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If you choose which schools to send your test scores before you take the GMAT, the schools will receive your scores in less than 20 days. To be safe, schedule your GMAT at least three weeks before application deadlines.
Step 6: Set Goals for Your Study Periods
Setting small goals for yourself is a great way to keep yourself on track and to make yourself feel good about your accomplishments.
You can set daily, weekly, or monthly goals (or all of the above). These goals might be simple (practice 50 math questions per week) or more complex (master graphics interpretation strategies).
Goal-setting will keep you accountable and will keep you on the right path with your practice.
Step 7: Track Your Progress
Scheduling and taking regular practice GMATs is a great way to monitor your progress.
Compare your scores to your original test. What sections did you improve on? Did you do worse on any section? What section is slipping through the cracks of your study plan?
Adjust your goals as needed based on your progress on practice tests. Maybe you were doing great on sentence corrections one week, but started to struggle the next. You could add a goal to your study plan that’ll remind to focus on that topic.
Finding GMAT Practice Materials
An important part of any GMAT study guide is great practice materials.
There are two main types of GMAT practice materials. Official GMAT prep materials are written by GMAC, the company that writes the GMAT. Unofficial GMAT prep materials are written by third-party companies that have extensively studied the GMAT and write their own test prep materials and questions. Official GMAT materials are the best practice tools, since they include actual retired GMAT questions, but unofficial materials can be helpful as well, especially for learning strategies and review content.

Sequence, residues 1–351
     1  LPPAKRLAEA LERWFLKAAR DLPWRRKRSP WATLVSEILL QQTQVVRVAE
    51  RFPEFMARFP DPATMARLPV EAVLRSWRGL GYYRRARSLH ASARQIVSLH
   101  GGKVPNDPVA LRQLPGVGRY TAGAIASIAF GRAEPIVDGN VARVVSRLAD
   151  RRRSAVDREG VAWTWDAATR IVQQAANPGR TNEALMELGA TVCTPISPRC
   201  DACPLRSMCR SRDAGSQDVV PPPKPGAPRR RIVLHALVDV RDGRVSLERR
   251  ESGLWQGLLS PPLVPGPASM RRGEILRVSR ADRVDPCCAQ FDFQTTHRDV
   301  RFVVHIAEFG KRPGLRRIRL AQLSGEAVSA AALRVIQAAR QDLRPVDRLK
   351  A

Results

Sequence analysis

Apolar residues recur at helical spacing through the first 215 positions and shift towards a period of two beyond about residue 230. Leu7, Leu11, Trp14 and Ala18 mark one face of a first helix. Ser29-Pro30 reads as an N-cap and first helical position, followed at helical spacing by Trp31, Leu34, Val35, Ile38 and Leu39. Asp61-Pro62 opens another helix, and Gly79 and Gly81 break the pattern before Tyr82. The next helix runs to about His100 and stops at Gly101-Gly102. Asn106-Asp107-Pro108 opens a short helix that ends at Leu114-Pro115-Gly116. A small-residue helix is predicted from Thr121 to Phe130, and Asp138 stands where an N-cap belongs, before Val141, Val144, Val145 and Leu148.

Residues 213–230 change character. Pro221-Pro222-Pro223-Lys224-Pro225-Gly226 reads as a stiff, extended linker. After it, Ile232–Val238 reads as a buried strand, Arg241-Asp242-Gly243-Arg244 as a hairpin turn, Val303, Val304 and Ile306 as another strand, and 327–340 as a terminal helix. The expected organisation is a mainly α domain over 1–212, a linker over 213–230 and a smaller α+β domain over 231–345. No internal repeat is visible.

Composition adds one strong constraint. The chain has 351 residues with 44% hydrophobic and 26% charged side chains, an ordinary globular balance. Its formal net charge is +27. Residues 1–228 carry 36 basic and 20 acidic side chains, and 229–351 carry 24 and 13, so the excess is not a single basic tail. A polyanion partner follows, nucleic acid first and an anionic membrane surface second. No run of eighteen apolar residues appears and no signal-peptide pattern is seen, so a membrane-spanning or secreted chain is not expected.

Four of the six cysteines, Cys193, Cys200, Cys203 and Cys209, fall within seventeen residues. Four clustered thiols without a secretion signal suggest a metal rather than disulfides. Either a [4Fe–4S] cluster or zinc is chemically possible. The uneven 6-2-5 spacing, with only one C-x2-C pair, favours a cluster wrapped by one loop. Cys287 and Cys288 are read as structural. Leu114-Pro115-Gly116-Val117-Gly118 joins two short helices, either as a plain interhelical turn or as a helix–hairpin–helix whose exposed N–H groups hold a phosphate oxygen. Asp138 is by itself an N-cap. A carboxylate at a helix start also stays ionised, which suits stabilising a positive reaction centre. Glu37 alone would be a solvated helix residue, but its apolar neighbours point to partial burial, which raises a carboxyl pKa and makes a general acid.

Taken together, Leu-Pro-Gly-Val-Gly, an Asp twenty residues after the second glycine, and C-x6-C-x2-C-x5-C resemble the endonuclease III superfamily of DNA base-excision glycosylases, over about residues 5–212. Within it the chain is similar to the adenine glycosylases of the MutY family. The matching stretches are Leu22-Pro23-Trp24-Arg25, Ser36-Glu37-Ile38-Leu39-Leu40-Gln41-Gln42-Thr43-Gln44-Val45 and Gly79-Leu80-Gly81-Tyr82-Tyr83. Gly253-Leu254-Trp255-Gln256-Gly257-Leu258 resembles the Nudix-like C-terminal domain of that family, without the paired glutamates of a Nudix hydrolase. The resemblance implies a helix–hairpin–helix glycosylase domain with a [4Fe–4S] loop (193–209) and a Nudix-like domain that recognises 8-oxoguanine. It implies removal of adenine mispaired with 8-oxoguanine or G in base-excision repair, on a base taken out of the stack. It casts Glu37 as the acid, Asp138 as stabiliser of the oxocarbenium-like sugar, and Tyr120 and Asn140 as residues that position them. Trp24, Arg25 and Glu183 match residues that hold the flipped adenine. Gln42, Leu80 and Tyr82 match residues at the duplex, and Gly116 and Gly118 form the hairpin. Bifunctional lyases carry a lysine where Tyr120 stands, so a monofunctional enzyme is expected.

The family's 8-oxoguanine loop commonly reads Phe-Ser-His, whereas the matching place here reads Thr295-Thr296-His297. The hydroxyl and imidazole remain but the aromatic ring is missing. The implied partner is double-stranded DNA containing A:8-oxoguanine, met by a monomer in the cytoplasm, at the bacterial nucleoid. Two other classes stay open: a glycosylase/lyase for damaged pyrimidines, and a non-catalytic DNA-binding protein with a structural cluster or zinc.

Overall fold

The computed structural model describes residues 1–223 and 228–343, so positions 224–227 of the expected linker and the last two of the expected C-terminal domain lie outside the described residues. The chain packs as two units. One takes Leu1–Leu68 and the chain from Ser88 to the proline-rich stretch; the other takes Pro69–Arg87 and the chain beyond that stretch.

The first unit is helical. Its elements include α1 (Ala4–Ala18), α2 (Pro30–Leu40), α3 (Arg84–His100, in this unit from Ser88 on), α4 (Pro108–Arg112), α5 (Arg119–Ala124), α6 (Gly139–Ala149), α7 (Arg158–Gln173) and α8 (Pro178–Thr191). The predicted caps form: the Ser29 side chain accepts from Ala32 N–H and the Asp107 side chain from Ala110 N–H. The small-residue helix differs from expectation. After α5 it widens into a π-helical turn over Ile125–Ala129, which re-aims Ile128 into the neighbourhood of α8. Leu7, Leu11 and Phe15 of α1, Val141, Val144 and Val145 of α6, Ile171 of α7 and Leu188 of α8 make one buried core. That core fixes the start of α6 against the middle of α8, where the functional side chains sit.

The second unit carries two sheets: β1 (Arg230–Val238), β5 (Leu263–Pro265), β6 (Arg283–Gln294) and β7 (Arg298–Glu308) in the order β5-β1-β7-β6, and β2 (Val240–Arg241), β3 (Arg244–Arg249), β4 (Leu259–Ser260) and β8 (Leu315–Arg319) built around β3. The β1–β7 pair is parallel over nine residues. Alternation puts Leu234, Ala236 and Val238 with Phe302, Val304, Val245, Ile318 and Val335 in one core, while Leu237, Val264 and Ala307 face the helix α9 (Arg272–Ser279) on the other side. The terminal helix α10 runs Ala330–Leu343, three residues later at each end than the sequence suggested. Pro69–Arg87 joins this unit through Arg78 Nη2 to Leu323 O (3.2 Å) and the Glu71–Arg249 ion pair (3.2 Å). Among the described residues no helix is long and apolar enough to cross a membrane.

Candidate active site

To get you started, we’ve rounded up some of the best options for both types of prep materials.
Official GMAT Prep Materials
Official practice materials should be an important part of your prep. Practicing with official materials ensures that you’ll be working on questions that are just like what you’ll be seeing on test day.
This free, online software gives you access to two full-length CATs, with the option to purchase up to four more. The “Exam Mode” of this software realistically simulates test day, which is great for building up your comfort with the exam. While the free product doesn’t have many practice questions, you can purchase additional question packs or use another resource in conjunction with this software.
The Official Guide for GMAT Review Set
This three-book set contains guides for the Verbal and Quantitative sections, as well as an overview of the entire test. It comes with access to over 900 official practice questions, which makes it an invaluable resource. Official practice questions are the best type of question you can practice, as they’re written by GMAC, who also writes the GMAT. While these guides don’t offer particularly comprehensive content reviews, they’re a great resource to use during your practice.
Unofficial GMAT Practice Tests
There are plenty of options for other unofficial GMAT practice tests if you’ve used up the official options. It’s important to take online tests whenever possible so that you can keep building your familiarity with the test. Here are two great resources for free CATs:
Veritas Prep offers one free GMAT practice test with explanations. If you’d like, you can purchase 6 more tests for $49. You can take the test with normal time, or you can add extra time. Veritas Prep is known for having accurate GMAT questions and in-depth explanations.
Kaplan offers two types of free online GMAT practice tests: self-proctored and instructor-proctored. For the self-proctored test, you’ll receive your scores and answer explanations to peruse at your leisure. For the instructor-proctored exam, you’ll get your scores, and then work with an instructor in real-time online to get answer explanations. Kaplan is generally fairly accurate, but does have some problems with having questions that are either a little different in format or a little off from GMAT core content.
Other GMAT Practice Resources